Look how much Archbishop Lefebvre suffered for the truth. How about Clarissa Price? She suffered very much. So too the Society, trying to be faithful, receives a lot of flak. All these names, these labels, these accusations, we are not being nice guys. This is the only sin these days, not being “nice” in believing that truth exists, and that only by following the truth can we save our souls.

Of course a great fight of the Society is made for the Mass, we must belong to the Mass. Yet I should say I’m in fear of a phenomenon I often see among Traditional Catholics.

They think the primary fight of the Society is the Mass. It is one of them, but our fight is primarily for truth and doctrine. Not all Traditional Masses are created equal. It is the same Mass, but what is behind that Mass?

How many Traditional Catholics hop around to different parishes every week? They try the Indult, try the FSSP, the Institute, the Sedevacantists, the Feeneyites. They skip around – as long as it’s a valid mass – what’s the problem? The problem is that the fight is about the truth – and if you mix poison with truth, you will have deleterious results. And by the grace of God, so it seems, from all appearances, the Society is holding on to the integral Catholic Faith.

And so, if Rome gives us “back” the Mass, we will welcome it with open arms. It is something we have asked not for ourselves, but for the whole world, because we already have it. If Rome gives us “back” the Mass, but doesn’t come back to the Catholic Faith, then we cannot make a deal. It is very simple.

I fear that if it ever happens, and the Society has to say we still can’t “make a deal,” how many will say “look you asked for the Mass and you got it! What’s going on? What is your problem? Wasn’t the fight about the Mass?

It’s because the fight is about truth, and we pray and work that the church will return to the integral Catholic doctrine. We must hold on to this precious treasure, and not betray it.

My dear faithful, let us imitate this great American hero, Fr. Price, who had such a tremendous zeal to pass on the truth. His constant theme was Our Lord Jesus Christ and Him Crucified. That is the great truth of our Catholic Faith, Our Lord hanging from the Cross for our salvation, suffer to gain for us the eternal reward.

Number one. Love truth, you must have a great love for the truth. A great love comes from the truth itself. God is truth. God is truth. If you love the truth you love God Himself.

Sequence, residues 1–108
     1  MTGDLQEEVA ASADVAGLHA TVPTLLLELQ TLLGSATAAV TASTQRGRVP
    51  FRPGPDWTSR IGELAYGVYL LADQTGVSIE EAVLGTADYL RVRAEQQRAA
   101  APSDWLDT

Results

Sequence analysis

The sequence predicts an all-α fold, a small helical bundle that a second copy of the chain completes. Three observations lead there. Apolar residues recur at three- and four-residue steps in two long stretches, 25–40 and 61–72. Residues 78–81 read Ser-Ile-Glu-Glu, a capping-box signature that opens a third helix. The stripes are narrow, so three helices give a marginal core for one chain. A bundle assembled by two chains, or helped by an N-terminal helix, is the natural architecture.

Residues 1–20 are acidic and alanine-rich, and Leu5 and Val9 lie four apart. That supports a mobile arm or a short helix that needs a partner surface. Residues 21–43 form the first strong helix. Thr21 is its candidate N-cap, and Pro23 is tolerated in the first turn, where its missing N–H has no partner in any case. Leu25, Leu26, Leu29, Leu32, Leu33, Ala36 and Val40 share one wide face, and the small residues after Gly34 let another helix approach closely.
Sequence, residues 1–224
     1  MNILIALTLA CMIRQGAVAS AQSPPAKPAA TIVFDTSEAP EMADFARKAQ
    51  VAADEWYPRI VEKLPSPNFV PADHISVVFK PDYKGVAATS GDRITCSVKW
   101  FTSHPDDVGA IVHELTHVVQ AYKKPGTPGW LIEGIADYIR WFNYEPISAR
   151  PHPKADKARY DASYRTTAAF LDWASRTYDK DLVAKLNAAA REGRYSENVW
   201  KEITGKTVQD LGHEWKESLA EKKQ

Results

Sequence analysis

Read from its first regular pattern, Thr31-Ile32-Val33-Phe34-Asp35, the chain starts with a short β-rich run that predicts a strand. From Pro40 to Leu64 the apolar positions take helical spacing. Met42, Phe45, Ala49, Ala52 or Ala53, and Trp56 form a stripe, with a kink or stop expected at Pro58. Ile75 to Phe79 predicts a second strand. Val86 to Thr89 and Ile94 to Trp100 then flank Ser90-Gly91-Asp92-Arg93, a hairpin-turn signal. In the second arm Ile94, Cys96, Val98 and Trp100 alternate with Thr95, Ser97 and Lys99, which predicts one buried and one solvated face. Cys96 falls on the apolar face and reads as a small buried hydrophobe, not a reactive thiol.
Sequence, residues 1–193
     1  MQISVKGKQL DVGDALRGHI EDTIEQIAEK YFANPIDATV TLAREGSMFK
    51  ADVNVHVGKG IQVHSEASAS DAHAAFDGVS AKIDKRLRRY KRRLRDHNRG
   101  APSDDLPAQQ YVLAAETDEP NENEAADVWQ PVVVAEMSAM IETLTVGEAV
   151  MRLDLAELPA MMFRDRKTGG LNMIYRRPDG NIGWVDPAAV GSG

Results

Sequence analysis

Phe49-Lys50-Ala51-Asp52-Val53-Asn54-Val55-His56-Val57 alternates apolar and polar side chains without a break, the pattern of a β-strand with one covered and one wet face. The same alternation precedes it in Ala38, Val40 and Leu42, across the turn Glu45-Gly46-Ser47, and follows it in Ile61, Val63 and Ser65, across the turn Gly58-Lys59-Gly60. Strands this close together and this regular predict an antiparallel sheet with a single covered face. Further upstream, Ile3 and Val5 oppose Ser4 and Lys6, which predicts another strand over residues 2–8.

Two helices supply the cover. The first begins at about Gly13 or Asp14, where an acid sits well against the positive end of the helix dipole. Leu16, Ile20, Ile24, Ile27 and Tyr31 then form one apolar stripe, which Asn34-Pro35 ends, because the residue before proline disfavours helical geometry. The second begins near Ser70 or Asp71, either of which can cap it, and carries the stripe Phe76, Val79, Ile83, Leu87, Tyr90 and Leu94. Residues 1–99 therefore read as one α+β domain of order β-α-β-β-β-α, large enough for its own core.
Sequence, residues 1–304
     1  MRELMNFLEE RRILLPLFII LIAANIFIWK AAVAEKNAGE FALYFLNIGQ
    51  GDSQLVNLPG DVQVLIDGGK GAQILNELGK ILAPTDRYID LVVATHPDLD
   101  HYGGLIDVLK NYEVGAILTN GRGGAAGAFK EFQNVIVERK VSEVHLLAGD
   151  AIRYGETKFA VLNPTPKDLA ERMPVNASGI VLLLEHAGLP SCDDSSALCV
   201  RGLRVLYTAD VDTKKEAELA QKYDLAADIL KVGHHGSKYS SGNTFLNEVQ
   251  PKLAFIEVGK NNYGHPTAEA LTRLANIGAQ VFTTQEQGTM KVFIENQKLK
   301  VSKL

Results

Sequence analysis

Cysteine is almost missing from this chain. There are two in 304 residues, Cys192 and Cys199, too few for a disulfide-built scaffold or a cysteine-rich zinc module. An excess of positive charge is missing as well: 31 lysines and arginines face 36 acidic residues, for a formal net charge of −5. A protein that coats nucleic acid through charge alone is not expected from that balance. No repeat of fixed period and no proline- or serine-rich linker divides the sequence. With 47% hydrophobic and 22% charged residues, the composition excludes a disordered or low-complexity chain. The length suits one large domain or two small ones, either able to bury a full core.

Everything that is real, all reality, comes from God, only God makes reality, we don’t make anything of ourselves. The correspondence to that truth is a great sign of our love of God

If we love truth we will want to drink it up, to devour the truth. For a newly ordained priest coming out of the seminary, having been formed for 6 years, if anyone would be in a position to set aside the books, you would think he would. However, a newly ordained priest realizes he that he knows nothing. He has so much to learn, and the more that you learn about the Faith, the more you realize what you still have to learn. There are so many doctrines…

I would say that very good means of being closely locked into the truth is through mental prayer. For example, take the Incarnation or the Mysteries of the Rosary. They are so deep and rich.

Secondly we must live the truth, if you are not living the truth, we are living a lie. And how many lies do we swallow today, how many lies are fed to us? Everything contrary to God’s law is glamorized. These sins give a brief pleasure and then leave us depressed. We must live according to the truth. That is what will make you a balanced person. A person who does not live according to reality, lives in a dream world.

By your presence at this Mass you show you are paying the price. You are making that great sacrifice. This is the Mass, this is the Catholic faith, this is the way to save your souls. It may have been a long drive, there may have been many obstacles, but you corresponded to the grace of God, you have come, and will continue to come. That is what we must do. We must pay the price that truth exacts of us. In so doing we will receive a peace that one else can give, that sets you free, for error binds you to a life of sin. Following the Truth gives you the opportunity to make the right choice at every point in your life.

Thirdly I would exhort you to share the truth you have been given. You have been given a very special gift. How any people today have this gift? It should not be a source of pride for us at all. We do not deserve it, it did not come of ourselves. Indeed it is a mystery why God chose us and not others. For some reason God has chosen us, and we have been given the Catholic Faith, the true path to Heaven.

Of course, in interacting with others we need to maintain a great spirit of charity. We must not sledgehammer people with truth. We must spoonfeed them – that is if they are willing to take it. If we force it on them it will have a very bitter taste.

My dear faithful, we have much to be grateful for. I congratulate you on being here today. I exhort you to have great courage, to persevere on this road, and in so doing, save your souls.

In the Name of the Father, and of the Son, and of the Holy Ghost. Amen.

Stephen Heiner

Stephen lives in Paris, France, where he attends Mass celebrated by the clergy of the IMBC. He founded True Restoration in 2006.